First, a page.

SANFORD, Fla. - A tall, lanky red-headed lawyer named Mark O'Mara appeared in court here on Thursday, standing next to his newest client, George Zimmerman, one of the most recognizable defendants in the country but a man he had met for the first time only the night before at the county jail.
Mr. Zimmerman, 28, has become known to millions as the neighborhood watch organizer who shot and killed Trayvon Martin, an unarmed black teenager, six weeks ago, but who was initially not charged with any crime - unleashing a nationwide protest.
Mr. O'Mara, a New Yorker by birth and a criminal defense lawyer for nearly three decades, is perhaps best known in central Florida as a low-key legal analyst on television who frequently commented on the trial last year of Casey Anthony, who was accused - and acquitted - of killing her young daughter.
It was Mr. Zimmerman's first moment in court, and he looked wide-eyed and grim in a one-piece blue-gray prison uniform, a couple of day's growth on his face. Mr. O'Mara said that his client would plead not guilty and that he would try to get him out of jail within the next couple of weeks. Until then, Mr. Zimmerman, who was charged with second-degree murder on Wednesday, is being held in protective custody. A conviction could result in a prison term of 25 years to life.
After seeing his client on Thursday, Mr. O'Mara said in an interview that Mr. Zimmerman was distraught. "He is stressed and tired after long weeks of not being able to go out in public," Mr. O'Mara, 56, said. "In the best of circumstances, he was dealing with the reality that he caused the death of somebody, and that weighs on you."
Saying his client has no money, Mr. O'Mara said that he was not charging Mr. Zimmerman and that he hoped to secure a low bond.
Mr. Zimmerman and his family have maintained that he was trailing Mr. Martin because the young man appeared suspicious. Mr. Martin then disappeared from view, only to re-emerge, confront him and assault him, they say. In the fight, they contend, he shot Mr. Martin in self-defense. Florida's expansive self-defense law, Stand Your Ground, was cited initially as a reason why no charges were brought.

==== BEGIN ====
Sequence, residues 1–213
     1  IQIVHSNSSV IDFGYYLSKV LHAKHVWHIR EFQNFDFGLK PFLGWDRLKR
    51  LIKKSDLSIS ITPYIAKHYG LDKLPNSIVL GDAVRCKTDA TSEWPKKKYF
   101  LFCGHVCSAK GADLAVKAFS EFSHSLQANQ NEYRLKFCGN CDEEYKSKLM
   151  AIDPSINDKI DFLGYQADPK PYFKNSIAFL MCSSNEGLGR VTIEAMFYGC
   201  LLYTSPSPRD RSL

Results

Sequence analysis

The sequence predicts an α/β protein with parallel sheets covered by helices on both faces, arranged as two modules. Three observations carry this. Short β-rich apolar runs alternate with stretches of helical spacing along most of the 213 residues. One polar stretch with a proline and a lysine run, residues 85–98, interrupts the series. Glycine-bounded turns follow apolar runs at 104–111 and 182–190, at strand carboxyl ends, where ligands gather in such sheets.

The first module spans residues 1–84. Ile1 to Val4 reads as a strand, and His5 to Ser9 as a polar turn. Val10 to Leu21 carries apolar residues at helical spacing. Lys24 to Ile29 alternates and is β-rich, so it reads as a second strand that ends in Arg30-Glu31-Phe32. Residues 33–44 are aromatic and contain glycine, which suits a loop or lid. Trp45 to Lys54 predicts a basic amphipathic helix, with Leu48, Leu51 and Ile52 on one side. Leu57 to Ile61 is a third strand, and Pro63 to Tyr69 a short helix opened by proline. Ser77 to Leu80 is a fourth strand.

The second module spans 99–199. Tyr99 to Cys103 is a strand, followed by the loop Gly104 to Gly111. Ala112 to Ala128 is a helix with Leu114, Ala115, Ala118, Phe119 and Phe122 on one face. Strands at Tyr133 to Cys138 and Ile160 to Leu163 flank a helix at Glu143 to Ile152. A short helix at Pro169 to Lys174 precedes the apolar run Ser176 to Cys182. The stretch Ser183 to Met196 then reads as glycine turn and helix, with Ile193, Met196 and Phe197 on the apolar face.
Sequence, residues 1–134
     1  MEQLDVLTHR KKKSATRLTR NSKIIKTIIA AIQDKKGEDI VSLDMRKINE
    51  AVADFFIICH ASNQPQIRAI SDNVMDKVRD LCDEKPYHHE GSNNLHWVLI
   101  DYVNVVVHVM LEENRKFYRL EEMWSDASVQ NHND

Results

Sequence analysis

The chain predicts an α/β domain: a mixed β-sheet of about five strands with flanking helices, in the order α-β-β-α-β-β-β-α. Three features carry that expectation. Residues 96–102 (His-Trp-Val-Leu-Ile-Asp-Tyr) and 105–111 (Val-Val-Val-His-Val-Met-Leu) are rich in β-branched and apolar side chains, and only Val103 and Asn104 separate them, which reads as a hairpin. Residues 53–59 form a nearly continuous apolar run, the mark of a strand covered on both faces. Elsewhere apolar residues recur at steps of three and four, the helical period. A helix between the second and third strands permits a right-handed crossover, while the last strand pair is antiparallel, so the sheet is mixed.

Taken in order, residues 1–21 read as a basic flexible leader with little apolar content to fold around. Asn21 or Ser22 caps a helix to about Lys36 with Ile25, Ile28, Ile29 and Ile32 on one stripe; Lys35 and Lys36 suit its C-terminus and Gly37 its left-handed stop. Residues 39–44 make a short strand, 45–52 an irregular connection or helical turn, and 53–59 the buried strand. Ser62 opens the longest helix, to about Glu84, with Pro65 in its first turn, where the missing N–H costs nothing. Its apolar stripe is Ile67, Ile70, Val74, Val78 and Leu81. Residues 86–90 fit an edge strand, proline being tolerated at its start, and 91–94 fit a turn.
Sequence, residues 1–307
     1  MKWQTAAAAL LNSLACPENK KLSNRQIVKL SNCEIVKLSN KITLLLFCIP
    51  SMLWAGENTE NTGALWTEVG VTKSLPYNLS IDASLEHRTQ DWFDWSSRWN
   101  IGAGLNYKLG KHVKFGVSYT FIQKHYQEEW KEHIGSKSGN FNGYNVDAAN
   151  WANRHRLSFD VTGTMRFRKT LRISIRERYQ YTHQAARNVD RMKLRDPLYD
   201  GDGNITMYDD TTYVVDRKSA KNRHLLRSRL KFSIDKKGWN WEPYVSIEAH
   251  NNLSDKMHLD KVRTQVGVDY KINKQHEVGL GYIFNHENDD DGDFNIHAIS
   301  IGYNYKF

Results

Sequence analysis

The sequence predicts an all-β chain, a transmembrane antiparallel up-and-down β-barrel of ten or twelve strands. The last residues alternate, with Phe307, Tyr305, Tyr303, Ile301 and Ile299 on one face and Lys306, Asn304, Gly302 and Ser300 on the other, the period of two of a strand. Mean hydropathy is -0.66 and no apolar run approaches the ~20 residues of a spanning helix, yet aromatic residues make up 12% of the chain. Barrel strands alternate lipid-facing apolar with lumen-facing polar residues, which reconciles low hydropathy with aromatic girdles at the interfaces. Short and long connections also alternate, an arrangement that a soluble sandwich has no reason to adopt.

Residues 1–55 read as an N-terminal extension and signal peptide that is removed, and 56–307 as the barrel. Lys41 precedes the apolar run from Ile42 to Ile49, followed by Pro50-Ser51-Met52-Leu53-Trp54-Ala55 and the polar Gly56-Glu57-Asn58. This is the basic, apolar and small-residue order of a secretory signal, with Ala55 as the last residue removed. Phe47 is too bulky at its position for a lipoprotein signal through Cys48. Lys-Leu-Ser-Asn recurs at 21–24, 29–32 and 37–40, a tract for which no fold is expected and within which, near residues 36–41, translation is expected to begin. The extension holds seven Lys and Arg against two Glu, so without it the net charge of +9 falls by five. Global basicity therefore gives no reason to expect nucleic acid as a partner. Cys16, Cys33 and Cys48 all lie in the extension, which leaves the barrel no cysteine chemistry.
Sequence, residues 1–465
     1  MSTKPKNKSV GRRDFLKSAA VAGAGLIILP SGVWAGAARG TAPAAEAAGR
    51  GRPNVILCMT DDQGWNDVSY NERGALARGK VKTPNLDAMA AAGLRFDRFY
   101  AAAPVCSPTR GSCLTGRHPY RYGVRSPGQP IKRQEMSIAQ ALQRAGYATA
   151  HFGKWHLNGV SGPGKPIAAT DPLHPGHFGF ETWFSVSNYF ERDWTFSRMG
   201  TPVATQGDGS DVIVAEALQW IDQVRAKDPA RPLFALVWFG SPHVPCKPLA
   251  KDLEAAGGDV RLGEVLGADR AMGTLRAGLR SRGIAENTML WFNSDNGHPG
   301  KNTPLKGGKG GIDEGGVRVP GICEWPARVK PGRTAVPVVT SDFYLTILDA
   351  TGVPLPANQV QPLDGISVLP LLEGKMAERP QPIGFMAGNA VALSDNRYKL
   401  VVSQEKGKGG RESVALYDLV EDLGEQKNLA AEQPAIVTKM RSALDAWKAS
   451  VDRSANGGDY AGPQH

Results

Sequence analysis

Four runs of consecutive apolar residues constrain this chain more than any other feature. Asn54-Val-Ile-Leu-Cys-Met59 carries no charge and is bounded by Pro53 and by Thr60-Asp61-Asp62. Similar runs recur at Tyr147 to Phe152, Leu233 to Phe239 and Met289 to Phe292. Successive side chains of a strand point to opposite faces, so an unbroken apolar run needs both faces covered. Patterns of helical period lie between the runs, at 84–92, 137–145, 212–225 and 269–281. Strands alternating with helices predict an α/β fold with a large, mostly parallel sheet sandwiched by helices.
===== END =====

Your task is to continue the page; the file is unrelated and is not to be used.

In a four-page charging affidavit filed in court on Thursday, prosecutors added little to the known facts in the case. But the affidavit contradicted the Zimmerman family account in at least one crucial respect.
"Martin attempted to run home," it said, "but was followed by Zimmerman who didn't want the person he falsely assumed was going to commit a crime to get away before the police arrived."
"Zimmerman confronted Martin and a struggle ensued," it stated. It also asserted that Mr. Zimmerman "profiled" Mr. Martin.
Mr. O'Mara said self-defense cases were not new to him; he said that he had handled dozens, but that none had gone to trial as Stand Your Ground cases. He has also tried high-profile death-penalty cases.
He said that self-defense would probably be a "facet" of Mr. Zimmerman's defense. Last month, Mr. O'Mara told a local television station that Mr. Martin's shooting could be legally justified under the law, which allows people to use deadly force if they feel endangered. "Other people call it the license to murder statute because it doesn't require actions to avoid the confrontation," Mr. O'Mara said in the appearance.
He was critical of the law on Wednesday, however, saying it has "some troublesome portions to it." But, he added, "right now it's the law of Florida and that will have an impact on this case."
Mr. O'Mara, who grew up in Rosedale, Queens, the son of a battalion chief in the New York City Fire Department, came to this case suddenly, after another well-known lawyer, Mark NeJame, referred him and four other lawyers. Mr. NeJame, who said Mr. Zimmerman had consented to his speaking, declined a March 13 request by Mr. Zimmerman to take his case because it would have required too much time away from his family.
On Tuesday, Mr. Zimmerman's original two lawyers held a news conference to resign, saying that they could not get in touch with Mr. Zimmerman and that he was acting "erratic." Mr. NeJame got a call a day later from a close family friend of the Zimmermans. He gave the friend a list of the five lawyers; they chose Mr. O'Mara.
"I thought Mark had strong attributes like being compassionate, extremely smart, media savvy and very professional," Mr. NeJame said. "Mark has a measured approach and by bringing him in, it would help keep unbridled passions contained."
The Martin family expressed relief on Thursday over the charges. Exhausted by the ordeal, Mr. Martin's mother, Sybrina Fulton, said she had misspoken on a news program earlier in the day when she used the word "accident" to describe the shooting. It was not the shooting that was the accident, she said; it was the encounter between Mr. Martin and Mr. Zimmerman. "The accident came when Zimmerman exited his vehicle and they met," she said.
Asked whether he would use her words in court, Mr. O'Mara displayed his flair for discretion. "They went through a horrible tragedy," he said. "They lost their son. We're not going to be talking about using words against the mother of a deceased child."
Joseph Freeman contributed reporting from Sanford, Fla., and Kitty Bennett contributed research from St. Petersburg, Fla.